Young people are a powerful voting bloc, which you probably already knew because it's a point that gets repeated basically every election cycle. This messaging is both a statement of fact and, usually, a subtle bit of prodding to increase turnout. Like your mom telling you how you have so much potential, if only you'd just use it for once in your damn life.
In 2008, young people came out in record numbers to support the candidacy of then-Sen. Barack Obama. That year, 49% of people between the ages of 18 and 29 cast a ballot—up 9 percentage points from 2000—and 66% of those voters backed Obama. In 2012, youth turnout dropped to 41%, but young voters were still a significant force in key states.
Which brings me to the results of a recent Fusion poll about young Americans' emotional responses to the major candidates, and what, if anything, that might mean for voter turnout in 2016.
The Fusion survey asked Americans between the ages of 18 and 35 for their reactions to a hypothetical win by the leading Republican and Democratic candidates. The survey asked about respondents' ~feelings~ about wins by Donald Trump, Ted Cruz, Marco Rubio, Ben Carson, Hillary Clinton, and Bernie Sanders. They had the following options to choose from: “like declaring a national holiday,” “like there’s a light at the end of the tunnel,” “like shrugging,” “like going back to bed,” and “like fleeing the country.”
Turns out that the most common feelings expressed about the major names in the 2016 election were negative ones.
The responses skewed negative for every candidate except Sanders, who elicited an equal measure of positive and negative responses—30% on both ends.
Here's how the rest of it went:
Overall, respondents had more negative feelings about Republican candidates, which lines up with the fact that young people tend to skew Democratic and progressive. Trump, as I've already pointed out, was pretty scorched-earth negative across the board. Overall, 69% of respondents had a dim view of a Trump administration, saying they'd feel like "going back to bed" or "fleeing the country" if he won. The numbers for Carson, Rubio, and Cruz weren't quite so severe, but they weren't that great, either, landing around a net negative of 37% for each.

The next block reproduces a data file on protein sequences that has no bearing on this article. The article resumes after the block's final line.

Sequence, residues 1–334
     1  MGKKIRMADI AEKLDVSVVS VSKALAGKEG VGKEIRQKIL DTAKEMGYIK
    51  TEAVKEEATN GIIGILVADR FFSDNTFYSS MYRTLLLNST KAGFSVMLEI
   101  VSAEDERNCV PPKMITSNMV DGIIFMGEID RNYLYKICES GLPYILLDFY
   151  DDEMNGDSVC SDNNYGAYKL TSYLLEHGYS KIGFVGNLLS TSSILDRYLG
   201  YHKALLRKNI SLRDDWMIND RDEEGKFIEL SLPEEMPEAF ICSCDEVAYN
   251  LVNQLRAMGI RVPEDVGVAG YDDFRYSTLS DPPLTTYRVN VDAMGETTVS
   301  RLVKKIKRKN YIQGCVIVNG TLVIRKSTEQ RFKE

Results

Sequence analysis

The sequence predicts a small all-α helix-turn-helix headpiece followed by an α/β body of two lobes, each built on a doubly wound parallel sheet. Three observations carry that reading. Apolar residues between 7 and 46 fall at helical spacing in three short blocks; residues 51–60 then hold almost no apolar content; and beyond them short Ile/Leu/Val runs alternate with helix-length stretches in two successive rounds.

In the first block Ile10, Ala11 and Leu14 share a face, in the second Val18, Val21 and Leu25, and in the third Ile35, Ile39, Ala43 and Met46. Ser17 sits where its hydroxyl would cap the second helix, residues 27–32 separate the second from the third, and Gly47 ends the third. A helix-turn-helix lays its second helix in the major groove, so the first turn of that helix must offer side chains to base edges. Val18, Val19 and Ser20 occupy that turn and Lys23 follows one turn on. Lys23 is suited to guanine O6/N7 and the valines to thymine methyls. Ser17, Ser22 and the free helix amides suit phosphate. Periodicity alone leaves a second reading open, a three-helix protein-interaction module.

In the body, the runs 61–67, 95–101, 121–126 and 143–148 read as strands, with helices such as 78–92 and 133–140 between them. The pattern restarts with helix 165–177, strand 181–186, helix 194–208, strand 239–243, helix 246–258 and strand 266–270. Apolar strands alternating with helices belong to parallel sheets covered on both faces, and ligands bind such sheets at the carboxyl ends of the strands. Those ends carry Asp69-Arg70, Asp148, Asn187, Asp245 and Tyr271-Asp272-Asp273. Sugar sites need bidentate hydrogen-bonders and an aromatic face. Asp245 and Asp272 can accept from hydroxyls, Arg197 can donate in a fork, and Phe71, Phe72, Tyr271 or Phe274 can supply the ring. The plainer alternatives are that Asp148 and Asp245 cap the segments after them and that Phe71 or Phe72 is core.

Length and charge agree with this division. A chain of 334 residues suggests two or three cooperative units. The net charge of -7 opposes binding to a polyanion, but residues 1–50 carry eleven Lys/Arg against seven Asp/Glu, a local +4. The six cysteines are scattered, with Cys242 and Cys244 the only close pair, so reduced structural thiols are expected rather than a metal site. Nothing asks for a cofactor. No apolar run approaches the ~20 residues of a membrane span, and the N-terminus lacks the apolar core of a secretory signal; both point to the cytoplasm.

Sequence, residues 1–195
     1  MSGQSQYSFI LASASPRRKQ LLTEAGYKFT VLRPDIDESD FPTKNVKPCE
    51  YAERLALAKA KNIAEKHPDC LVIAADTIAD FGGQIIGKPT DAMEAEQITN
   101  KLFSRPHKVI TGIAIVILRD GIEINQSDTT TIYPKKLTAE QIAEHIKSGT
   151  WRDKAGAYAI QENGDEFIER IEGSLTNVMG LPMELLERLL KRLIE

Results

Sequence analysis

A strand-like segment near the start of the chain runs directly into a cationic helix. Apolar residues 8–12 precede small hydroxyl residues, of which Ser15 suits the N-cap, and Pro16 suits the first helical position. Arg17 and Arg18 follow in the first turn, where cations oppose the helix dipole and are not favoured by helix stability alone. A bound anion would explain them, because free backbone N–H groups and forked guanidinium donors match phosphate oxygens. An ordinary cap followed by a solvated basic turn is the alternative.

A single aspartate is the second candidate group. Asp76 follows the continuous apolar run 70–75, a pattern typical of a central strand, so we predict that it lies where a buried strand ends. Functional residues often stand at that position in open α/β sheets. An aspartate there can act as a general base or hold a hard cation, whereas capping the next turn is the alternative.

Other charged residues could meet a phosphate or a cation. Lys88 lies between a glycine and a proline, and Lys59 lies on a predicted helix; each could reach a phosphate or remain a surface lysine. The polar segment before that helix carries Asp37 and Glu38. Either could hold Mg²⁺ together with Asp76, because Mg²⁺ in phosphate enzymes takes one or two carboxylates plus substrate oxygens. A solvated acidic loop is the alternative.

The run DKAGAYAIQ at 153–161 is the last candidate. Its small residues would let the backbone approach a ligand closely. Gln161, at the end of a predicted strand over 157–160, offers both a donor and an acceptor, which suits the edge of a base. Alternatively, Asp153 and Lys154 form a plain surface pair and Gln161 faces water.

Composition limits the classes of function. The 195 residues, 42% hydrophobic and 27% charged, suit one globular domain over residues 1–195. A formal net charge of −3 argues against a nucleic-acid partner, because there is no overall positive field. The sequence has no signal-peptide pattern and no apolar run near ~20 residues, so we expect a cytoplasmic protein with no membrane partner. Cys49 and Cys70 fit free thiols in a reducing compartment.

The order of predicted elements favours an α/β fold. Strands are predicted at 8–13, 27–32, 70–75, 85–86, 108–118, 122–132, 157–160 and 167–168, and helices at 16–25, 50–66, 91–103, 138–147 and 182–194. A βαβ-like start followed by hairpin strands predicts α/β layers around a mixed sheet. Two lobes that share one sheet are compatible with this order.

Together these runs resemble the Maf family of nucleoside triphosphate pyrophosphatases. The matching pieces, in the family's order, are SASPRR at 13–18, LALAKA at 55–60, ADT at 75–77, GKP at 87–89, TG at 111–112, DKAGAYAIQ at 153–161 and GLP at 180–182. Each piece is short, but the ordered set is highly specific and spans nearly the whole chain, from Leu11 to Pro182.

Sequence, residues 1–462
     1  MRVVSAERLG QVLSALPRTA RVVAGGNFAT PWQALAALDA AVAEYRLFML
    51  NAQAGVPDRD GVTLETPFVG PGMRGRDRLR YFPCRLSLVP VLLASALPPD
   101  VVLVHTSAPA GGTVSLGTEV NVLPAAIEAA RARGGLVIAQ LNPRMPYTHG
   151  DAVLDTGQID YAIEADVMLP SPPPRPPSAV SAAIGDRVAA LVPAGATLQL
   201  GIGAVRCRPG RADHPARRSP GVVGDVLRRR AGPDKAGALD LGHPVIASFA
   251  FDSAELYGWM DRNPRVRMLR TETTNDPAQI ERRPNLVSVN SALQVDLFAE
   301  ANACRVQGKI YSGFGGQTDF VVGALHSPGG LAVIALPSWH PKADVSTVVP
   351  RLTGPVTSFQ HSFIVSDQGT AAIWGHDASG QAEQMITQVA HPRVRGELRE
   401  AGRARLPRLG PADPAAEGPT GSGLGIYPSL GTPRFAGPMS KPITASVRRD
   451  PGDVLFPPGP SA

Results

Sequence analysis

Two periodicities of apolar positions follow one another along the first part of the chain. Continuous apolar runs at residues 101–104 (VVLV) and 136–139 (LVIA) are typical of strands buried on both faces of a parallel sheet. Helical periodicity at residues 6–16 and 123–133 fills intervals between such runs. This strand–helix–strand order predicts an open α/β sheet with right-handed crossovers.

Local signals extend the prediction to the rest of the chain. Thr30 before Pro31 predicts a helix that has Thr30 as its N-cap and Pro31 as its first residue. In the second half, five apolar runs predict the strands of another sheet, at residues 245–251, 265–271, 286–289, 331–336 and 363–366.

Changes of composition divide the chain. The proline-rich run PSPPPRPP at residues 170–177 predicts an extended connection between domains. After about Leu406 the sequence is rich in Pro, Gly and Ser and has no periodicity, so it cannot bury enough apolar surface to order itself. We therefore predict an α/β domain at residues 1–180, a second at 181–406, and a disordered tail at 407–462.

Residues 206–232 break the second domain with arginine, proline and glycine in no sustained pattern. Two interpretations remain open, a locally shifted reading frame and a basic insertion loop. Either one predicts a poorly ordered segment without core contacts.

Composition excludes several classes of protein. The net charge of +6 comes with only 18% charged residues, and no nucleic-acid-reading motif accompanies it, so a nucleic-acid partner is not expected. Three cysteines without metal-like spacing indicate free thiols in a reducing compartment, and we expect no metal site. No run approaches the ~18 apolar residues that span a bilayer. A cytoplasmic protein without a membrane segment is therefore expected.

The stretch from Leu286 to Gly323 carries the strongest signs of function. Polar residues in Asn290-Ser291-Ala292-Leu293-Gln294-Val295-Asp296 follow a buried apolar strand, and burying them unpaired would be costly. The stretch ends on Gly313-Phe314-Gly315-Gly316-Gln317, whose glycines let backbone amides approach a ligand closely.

Democrats fared better, but not that much better. Sanders had a negative response rate of 30%, while Clinton had 41% of respondents reacting negatively to the idea of her in the White House.
Which, to me, raises the question: Are we a generation of voters with shitty attitudes?
Kind of. But only because we are something of a nation of shitty attitudes when it comes to the people running our government. According to a Pew survey released late last year, only 19% of Americans said they could trust the government "always or most of the time." As Pew noted at the time, that was among the lowest levels reported in the last 50 years.
When it came to elected officials, the numbers were equally bad. Seventy-four percent of respondents to the Pew survey said that most elected officials put their own interests before the interests of the country, and 55% said that "average Americans" would do a better job of governing.
So maybe young people have a negative view of almost all the candidates because they, like much of the rest of the country, think the system itself is messed up. Or maybe the spectacle of this election has made respondents feel weary and disillusioned, even when it comes to candidates they may agree with.
So the question now is which will turn out to be the bigger motivator: emotional responses to the candidates or fear of, say, what would happen if Donald Trump really tried to round up and deport 11 million people.
Read the full analysis of the poll from Langer Research Associates. More on our methodology:
This Fusion 2016 Issues Poll was conducted by landline and cell phone interviews Jan. 6-19 among a random national sample of 1,030 adults age 18 to 35. Results have a margin of sampling error of 3.5 points, including the survey’s design effect.
This survey was produced for Fusion by Langer Research Associates of New York, with sampling, data collection and tabulation by SSRS/Social Science Research Solutions of Media, Pennsylvania. See methodological details here.